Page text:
Wednesday, August 1, 2012

Olympics | How was USA able to dominate volleyball powerhouse China?

Final score: USA 3, China 0 (26-24, 25-16, 31-29)

One is the youngest member of the team. The other is the oldest.
Until today, neither Megan Hodge, 24, nor Danielle Scott-Arruda, 39, had seen action in the 2012 Olympic Games.
China's Ruoqi Hui misses a block attempt in a 3-0
loss to USA
-Associated Press
But in a pair of jaw-dropping performances, both Hodge and Scott-Arruda came up huge in USA’s stirring 3-0 Olympic conquest of volleyball power China.
In the first set, the Americans came out of a timeout trailing 20-23. Destinee Hooker, who would finish with 17 kills and 7 errors on 40 attempts (.250), connected for a left-side kill. Unexpectedly, USA head coach Hugh McCutcheon substituted Hodge for starting outside hitter Jordan Larson, who had tallied just 2 kills and 2 errors on 7 swings. It would prove a brilliant move.
With Logan Tom serving bullets, Hodge bounced an attack off the head of her Chinese opponent. It was the first of what would eventually be 18 kills and just 4 errors on 27 attempts (.518).
Foluke Akinradewo and Hodge teamed for a block to tie the score at 23. Hooker had a right side kill to get to set point. After a China kill (on a questionable set), setter Lindsey Berg went back to Hodge for her second kill. USA prevailed 26-24 on a Chinese out-of-bounds attack.
“She (Hodge) is very composed in the big moments,” said McCutcheon after the match. “She always feels comfortable when the match or the set is on the line.”
USA's Megan Hodge tips over Junjing Yan's
block attempt
-Getty Images
Keeping Hodge in the match was a risk for McCutcheon. Despite her power, Hodge has struggled with serve receive. In the second set, she was aced when the score was 0-1, had a bad reception at 2-4, and was blocked on a back row attack at 7-9. By the time USA called timeout trailing 7-11, Hodge had just one kill the entire second set.
But after China served in the net (what coaches like to call “time out/side out”), USA was back in rotation two. That meant that, once again, Logan Tom was serving, with the imposing line of Hodge, Akinradewo and Hooker across the front. USA ran off four straight points, starting with a Hodge kill. After a service error, it was another Hodge kill, and Scott-Arruda replaced Christa Harmotto at middle.
At 13-13 came a double block by Scott-Arruda and Hodge. Then a Hodge kill, then another, then another, then another. After China took timeout trailing 13-19, Scott-Arruda scored the next four American points in a row, on three kills and block. After its time-out at 7-11, USA had gone on to win 15 of the next 18 points, 11 by Hodge and Scott-Arruda. The Americans closed out on an 18-5 run to earn a resounding 25-16 second set win.
On December 19, 2009, we were courtside in Tampa, Florida when Penn State and Texas met in the NCAA Finals. Many agree it was perhaps the most dramatic—and possibly the best-ever—championship match in women’s D1 volleyball history. (Penn State overcame an 0-2 deficit and won the fifth set 15-13). Almost everyone on press row that night had the same thought: if both Penn State’s Hodge (21 kills that night) and Texas’ Hooker (34 kills) ever played together at the Olympics, the USA would be unstoppable.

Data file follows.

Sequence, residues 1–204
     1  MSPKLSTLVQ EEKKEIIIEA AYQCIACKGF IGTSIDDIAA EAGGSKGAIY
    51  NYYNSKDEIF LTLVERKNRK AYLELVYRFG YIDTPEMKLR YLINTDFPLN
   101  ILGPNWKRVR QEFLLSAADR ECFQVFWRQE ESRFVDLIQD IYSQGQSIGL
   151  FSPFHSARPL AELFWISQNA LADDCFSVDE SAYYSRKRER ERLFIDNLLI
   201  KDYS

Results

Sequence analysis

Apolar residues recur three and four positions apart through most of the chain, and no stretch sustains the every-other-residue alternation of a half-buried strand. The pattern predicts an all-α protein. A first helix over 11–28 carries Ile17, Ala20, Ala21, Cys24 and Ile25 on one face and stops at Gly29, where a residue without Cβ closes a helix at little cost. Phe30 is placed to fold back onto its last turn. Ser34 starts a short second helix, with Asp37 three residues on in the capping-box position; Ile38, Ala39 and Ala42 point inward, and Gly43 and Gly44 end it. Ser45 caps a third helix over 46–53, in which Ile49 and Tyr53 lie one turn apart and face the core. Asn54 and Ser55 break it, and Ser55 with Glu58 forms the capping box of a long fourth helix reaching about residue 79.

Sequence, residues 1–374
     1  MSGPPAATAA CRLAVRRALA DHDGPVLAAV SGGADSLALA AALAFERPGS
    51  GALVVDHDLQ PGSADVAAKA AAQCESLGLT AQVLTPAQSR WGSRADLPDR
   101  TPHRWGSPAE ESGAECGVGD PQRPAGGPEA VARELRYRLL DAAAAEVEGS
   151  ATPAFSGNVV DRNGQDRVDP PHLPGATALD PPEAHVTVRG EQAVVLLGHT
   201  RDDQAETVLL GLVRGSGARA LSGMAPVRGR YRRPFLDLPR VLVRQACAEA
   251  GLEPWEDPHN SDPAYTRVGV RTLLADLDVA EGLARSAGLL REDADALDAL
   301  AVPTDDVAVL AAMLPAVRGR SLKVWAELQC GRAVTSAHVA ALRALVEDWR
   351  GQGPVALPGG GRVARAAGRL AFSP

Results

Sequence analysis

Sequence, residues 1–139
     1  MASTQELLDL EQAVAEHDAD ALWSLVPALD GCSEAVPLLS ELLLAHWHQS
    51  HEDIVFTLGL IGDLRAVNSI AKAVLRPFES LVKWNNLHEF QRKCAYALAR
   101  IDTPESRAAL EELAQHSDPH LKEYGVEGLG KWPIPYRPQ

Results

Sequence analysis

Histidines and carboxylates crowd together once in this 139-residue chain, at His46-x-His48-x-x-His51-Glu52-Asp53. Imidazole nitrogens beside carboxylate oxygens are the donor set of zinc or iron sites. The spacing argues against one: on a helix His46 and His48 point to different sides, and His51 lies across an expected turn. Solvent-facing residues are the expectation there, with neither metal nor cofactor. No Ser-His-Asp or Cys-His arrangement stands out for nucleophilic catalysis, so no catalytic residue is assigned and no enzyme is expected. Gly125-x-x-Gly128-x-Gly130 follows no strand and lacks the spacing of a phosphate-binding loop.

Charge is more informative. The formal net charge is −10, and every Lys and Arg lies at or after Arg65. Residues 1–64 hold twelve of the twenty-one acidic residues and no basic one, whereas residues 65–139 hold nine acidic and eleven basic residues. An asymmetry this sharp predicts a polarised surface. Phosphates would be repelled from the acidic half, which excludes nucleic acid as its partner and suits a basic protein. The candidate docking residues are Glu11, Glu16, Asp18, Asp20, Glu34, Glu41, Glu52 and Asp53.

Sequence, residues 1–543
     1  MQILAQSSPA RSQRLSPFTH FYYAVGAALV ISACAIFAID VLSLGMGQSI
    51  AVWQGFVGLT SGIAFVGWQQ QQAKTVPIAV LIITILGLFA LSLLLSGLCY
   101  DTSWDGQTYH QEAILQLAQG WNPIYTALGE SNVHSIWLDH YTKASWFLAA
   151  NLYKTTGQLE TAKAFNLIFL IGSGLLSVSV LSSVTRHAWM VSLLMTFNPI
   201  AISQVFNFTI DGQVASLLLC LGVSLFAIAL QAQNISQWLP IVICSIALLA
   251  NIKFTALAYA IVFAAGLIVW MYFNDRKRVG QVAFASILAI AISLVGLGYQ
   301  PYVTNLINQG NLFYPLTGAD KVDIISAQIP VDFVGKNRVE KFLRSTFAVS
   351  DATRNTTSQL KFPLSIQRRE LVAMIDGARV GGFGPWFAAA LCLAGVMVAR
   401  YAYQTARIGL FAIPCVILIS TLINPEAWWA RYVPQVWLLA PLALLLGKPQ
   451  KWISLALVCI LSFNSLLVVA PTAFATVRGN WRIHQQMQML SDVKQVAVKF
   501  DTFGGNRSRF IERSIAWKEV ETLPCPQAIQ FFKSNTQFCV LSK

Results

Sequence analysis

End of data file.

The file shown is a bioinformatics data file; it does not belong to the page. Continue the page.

In the third set, they were. Throughout the set, USA never built more than a 3-point lead (3 times), China never pulled ahead by more than 2. At 17-17, Hooker blasted a back row missile that knocked the Chinese defender off her feet.
USA called its first timeout trailing 18-20. McCutcheon looked at the team and said just one thing: “Side out, USA.”
After a Chinese service error, Tom played manic defense, allowing USA to fight off several out-of-system opportunities until Hodge pounded yet another cross-court kill. Tom’s defense and serving were key throughout the match.
Logan Tom served two aces against China
Getty Images
“Their serve is really good and their strong serves made it difficult for us to defend,” said China’s captain Qiuyue Wei afterwards.
Trailing 21-23, McCutcheon called his last timeout. “We side (out), we get one” was all he said. With Courtney Thompson briefly serving and setting, Hodge got the next two USA kills.
At 24-24, USA’s defense dug time and again, until China’s out-of-bounds attack sent McCutcheon leaping with joy.
But China would not fold; it fought off five match points. USA countered with a Hooker back-row kill at 25-25, a Hodge back-row kill at 26-26, an Akinradewo block at 27-27, and a Hodge cross-court kill at 28-28. Tied at 29, Hooker hit a cross-court attack that was so quick, it hit Chinese setter Wei in face, knocking her to the ground.
Now leading 30-29, the last ball went to Hodge, who pushed a tip off the block for the final point.
“What an amazing game,” said Akinradewo. “We showed China what we’re made of.“
Although USA came into the Olympics ranked #1 in world, it has never won Olympic gold (the indoor men’s team won gold in ’84, ’88 and ’08.) The USA women now own pool play victories over both China and Brazil, but are likely to meet one or both of those teams once again in the medal rounds next week.
All 12 women on the USA roster saw action today. That’s a fact that should guarantee late London nights for opposing coaches the rest of the way.


  1. Great article Jack. I was at the match and still learned more from your article than seeing it live. Keep up the great reporting!

  2. thanks for the amazing article, jack! i've been in korea and unable to see any of these matches, but after reading, i'm sure even the replays will be exciting to watch

  3. Seeing Courtney set Hodge I had the hugest "What might have been" moment. We would have been unstoppable in 2006!

    Thanks for the writeup!


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